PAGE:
on Risk Management 
Issue of 2007‒10‒06
ten papers chosen by 
By:  Boudt, Kris; Peterson, Brian; Croux, Christophe 
Abstract:  Modified Value at Risk (VaR) is an estimator of VaR based on the CornishFisher expansion. It is fast to compute and reliable for nonnormal returns. In this paper, we introduce modified Expected Shortfall as a new analytical estimator for Expected Shortfall (ES), another popular measure of downside risk. We give all the necessary formulas for computing portfolio modified VaR and ES and for decomposing these risk measures into the contributions made by each of the portfolio holdings. This new methodology is shown to be very useful for analyzing the risk properties of portfolios of alternative investments. 
Keywords:  Alternative investments; Component Value at Risk; CornishFisher expansion; downside risk; expected shortfall; portfolio; risk contribution; Value at Risk. 
JEL:  C13 C22 G11 
Date:  2007–08–17 
URL:  http://d.repec.org/n?u=RePEc:pra:mprapa:5108&r=rmg 
By:  Pospisil, Libor; Vecer, Jan; Xu, Mingxin 
Abstract:  The main idea of this paper is to introduce Tradeable Measures of Risk as an objective and model independent way of measuring risk. The present methods of risk measurement, such as the standard ValueatRisk supported by BASEL II, are based on subjective assumptions of future returns. Therefore two different models applied to the same portfolio can lead to different values of a risk measure. In order to achieve an objective measurement of risk, we introduce a concept of {\em Realized Risk} which we define as a directly observable function of realized returns. Predictive assessment of the future risk is given by {\em Tradeable Measure of Risk}  the price of a financial contract which pays its holder the Realized Risk for a certain period. Our definition of the Realized Risk payoff involves a Weighted Average of Ordered Returns, with the following special cases: the worst return, the empirical ValueatRisk, and the empirical mean shortfall. When Tradeable Measures of Risk of this type are priced and quoted by the market (even of an experimental type), one does not need a model to calculate values of a risk measure since it will be observed directly from the market. We use an option pricing approach to obtain dynamic pricing formulas for these contracts, where we make an assumption about the distribution of the returns. We also discuss the connection between Tradeable Measures of Risk and the axiomatic definition of Coherent Measures of Risk.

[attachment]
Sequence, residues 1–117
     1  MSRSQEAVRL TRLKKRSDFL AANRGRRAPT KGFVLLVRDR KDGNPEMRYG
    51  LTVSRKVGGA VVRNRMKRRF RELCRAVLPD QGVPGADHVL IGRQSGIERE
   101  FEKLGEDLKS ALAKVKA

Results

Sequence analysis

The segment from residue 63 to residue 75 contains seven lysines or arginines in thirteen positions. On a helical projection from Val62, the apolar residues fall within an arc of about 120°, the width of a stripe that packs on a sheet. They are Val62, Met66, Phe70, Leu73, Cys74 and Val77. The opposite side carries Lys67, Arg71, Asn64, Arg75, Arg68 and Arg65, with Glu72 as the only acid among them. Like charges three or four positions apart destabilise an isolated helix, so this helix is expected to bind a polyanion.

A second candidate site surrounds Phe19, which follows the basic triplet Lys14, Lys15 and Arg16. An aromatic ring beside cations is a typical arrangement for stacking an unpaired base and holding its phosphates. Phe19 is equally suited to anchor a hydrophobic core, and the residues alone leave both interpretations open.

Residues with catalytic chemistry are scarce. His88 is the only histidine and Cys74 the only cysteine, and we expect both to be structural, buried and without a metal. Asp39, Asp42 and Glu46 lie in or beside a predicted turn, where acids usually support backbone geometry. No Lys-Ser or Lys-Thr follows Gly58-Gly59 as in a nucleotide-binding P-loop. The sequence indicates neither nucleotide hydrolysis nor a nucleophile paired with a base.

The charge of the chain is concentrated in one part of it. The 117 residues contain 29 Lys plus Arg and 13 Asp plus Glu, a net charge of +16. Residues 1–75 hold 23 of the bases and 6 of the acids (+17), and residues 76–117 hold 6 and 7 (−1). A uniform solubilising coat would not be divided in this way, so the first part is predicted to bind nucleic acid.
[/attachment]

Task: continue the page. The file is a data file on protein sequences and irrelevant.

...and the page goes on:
Keywords:  dynamic risk measure; conditional valueatrisk; shortfall 
JEL:  G13 G28 
Date:  2007–09–27 
URL:  http://d.repec.org/n?u=RePEc:pra:mprapa:5059&r=rmg 
By:  Marco S. Matsumura